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9 Ways Teens Can Address Climate Change And Save The Planet Right Now 

After generations of lawmakers, government officials and corporate leaders have all played a role in creating our current climate crisis and done almost nothing to correct it, it’s up now to today’s youth to save our planet.

The impacts of climate change around the world — even in the United States — are already devastating. People are dying every day from the lack of access to clean water and food, and natural disasters like Category 4 or 5 hurricanes and the recent California wildfires have claimed thousands of lives and displaced many more.

It might seem like there isn’t much as teens can do to fight the adverse effects of global warming, especially when public officials continue to ignore or even deny climate change. But Teens have a voice, and you can use it.

The time for teens to take action against climate change is now.

Climate change is real, no matter what some skeptics might say. It’s caused by Earth’s rising surface temperature, which is also referred to as “global warming.”

So What’s Climate Change?

And Is there a difference between Global Warming and Climate Change?

And what can teens do?

Yes, we need our lawmakers and leaders to take action if we’re going to address the long-term effects of climate change, but there are things teens can do to make a difference.

1. Drive Less

We can all find ways to help shrink our individual carbon footprint, and one of the biggest ways is by using our cars less.

So instead of driving or asking for a ride somewhere, you can walk, or ride a bike.

Another way teens can have an impact is by eating less meat and dairy, which can help reduce the meatpacking industry’s carbon emissions.

2. Conserve Water

Access to clean water is starting to become scarce in many places around the world, so doing what we can to save water is important.

Try cutting back on how long you shower, and wash your clothes with cold water to conserve energy.

3. Use LED Bulbs

LED bulbs convert more energy into light than fluorescent and incandescent ones, so switch to LED bulbs to light up your room.

4. Recycling

Recycling is a big key in the reduction of global warming. The majority of the things we throw away can be recycled, like plastic bottles, paper, glass bottles, and aluminum cans. Recycling used materials still uses less energy than making brand new materials. Recycling is such a simple task that many people are just simply too lazy to take part in. If we all work together in this effort to reduce global warming, recycling is definitely the easiest thing to do.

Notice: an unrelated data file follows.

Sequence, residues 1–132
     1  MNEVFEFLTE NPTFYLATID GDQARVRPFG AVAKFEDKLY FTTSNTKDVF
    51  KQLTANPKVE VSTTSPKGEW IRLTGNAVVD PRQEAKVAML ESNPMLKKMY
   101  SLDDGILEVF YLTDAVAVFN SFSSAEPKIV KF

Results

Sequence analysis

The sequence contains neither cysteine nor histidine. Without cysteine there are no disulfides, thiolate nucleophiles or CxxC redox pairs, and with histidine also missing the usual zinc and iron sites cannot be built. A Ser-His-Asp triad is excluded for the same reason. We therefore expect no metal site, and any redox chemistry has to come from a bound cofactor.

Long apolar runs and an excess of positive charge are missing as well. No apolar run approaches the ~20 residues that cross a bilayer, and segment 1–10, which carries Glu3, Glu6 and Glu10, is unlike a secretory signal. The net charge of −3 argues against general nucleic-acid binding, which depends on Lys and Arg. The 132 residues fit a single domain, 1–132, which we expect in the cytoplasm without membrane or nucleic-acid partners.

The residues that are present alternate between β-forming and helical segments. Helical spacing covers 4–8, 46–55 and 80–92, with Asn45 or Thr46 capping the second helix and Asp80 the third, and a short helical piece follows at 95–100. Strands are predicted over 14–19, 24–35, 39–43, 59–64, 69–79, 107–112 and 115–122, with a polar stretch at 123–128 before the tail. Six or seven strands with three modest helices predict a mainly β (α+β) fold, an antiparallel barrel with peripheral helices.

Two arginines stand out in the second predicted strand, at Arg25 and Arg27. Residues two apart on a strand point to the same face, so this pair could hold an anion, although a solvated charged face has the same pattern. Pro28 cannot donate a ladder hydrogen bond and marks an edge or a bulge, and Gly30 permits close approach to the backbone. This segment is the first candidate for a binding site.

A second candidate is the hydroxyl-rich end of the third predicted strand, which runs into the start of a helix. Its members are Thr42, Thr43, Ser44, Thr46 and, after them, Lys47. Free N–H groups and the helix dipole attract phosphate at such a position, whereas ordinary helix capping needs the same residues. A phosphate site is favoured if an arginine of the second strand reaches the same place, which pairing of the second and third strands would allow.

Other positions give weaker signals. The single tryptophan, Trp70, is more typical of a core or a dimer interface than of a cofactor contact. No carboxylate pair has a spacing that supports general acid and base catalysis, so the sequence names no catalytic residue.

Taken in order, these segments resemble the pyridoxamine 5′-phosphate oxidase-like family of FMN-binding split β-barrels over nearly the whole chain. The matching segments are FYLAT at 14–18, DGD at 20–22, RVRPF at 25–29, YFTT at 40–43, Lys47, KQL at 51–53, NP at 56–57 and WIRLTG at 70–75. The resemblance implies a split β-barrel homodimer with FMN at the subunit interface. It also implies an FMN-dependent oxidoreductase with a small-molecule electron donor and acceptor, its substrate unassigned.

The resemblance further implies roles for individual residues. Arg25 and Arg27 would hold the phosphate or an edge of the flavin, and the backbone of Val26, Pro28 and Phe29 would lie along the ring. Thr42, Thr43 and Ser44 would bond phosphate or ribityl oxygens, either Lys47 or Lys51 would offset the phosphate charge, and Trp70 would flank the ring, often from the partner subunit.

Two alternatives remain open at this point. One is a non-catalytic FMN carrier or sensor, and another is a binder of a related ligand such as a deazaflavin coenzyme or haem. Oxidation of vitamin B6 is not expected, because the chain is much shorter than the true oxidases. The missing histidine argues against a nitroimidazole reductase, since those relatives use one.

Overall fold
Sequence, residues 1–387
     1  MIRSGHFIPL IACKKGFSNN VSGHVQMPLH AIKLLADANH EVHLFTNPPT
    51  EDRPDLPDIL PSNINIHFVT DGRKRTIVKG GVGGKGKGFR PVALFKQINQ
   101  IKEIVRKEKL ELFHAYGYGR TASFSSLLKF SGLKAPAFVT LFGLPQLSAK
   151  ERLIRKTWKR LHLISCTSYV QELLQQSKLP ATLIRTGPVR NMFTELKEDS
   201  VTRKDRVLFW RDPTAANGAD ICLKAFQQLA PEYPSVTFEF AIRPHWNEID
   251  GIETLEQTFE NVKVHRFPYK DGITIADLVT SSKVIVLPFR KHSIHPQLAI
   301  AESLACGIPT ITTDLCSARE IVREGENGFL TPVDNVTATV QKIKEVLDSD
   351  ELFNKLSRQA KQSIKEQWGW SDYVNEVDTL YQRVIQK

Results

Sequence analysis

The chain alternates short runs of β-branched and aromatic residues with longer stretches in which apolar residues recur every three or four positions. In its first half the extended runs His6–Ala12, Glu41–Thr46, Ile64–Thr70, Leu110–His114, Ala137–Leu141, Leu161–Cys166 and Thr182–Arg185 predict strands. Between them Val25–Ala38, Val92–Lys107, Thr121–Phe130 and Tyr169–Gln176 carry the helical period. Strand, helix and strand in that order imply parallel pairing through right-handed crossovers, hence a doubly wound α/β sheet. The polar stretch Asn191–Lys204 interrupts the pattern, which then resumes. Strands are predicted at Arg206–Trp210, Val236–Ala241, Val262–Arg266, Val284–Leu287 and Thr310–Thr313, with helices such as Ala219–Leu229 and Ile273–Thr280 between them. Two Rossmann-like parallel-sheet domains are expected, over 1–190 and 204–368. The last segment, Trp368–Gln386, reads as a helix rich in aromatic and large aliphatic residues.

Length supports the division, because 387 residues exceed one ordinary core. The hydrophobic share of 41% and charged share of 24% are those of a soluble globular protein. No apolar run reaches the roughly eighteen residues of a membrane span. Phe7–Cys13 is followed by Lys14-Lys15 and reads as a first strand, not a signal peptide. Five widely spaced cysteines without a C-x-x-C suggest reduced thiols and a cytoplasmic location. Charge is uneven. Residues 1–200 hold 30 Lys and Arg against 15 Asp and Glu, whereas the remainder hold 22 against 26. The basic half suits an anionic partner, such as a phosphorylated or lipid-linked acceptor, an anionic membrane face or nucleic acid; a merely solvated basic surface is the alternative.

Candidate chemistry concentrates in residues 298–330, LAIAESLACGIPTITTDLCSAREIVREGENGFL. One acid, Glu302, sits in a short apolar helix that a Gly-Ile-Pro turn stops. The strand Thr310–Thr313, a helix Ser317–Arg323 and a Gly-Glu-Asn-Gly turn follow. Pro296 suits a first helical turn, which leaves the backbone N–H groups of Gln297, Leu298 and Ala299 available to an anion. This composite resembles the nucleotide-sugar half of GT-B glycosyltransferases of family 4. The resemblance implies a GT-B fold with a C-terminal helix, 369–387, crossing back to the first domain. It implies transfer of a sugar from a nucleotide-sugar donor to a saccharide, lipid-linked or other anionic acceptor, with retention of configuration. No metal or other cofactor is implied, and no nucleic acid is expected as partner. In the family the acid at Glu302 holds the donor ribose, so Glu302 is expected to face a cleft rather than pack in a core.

5. Stop Buying Synthetic Clothing

6. Bring your own bag to the grocery store

7. Say no to plastic water bottles, straws, and any disposable carry-out tools.

8. Unplug your devices, or any electronic you’re not using.

Whenever possible, unplug your electronics because even when they’re off, or all charged up, they’re consuming energy. 

9. Vote Or Protest

If you’re old enough to vote, you should make sure you’re electing candidates who will work to help limit some of the adverse effects of climate change on our planet.

But if you can’t vote yet, raise your voice in protest.

Join a march that’s already happening, or start your own.

The point is that teens should come together to demand the change they want.

Countries and governments around the world must start addressing climate change head–on and realize its severe and drastic impact, or else, in around 30 to 80 years, more than 4 million people will be displaced due to the increasing ocean levels, 5.3 million acres of land are expected to burn, and roughly twice the people killed in World War II will die due to air pollution

Countries must work together and fight climate change.

We need more plans like the Paris Climate Agreement, so countries can hold each other accountable for decreasing their carbon emissions.

It is virtually impossible to eradicate climate change as a whole, but we can limit its harmful effects and decrease its significance, and it starts with teens.

The greatest change that we, as teens, can make is reducing our carbon footprint and speaking out.

Students around the world are protesting the lack of action their governments are taking to reverse the effects of climate change, as we’ve seen with the student-run Global Climate Strike.

It is up to teens and students to influence change in this world, and everyone else should follow their lead.

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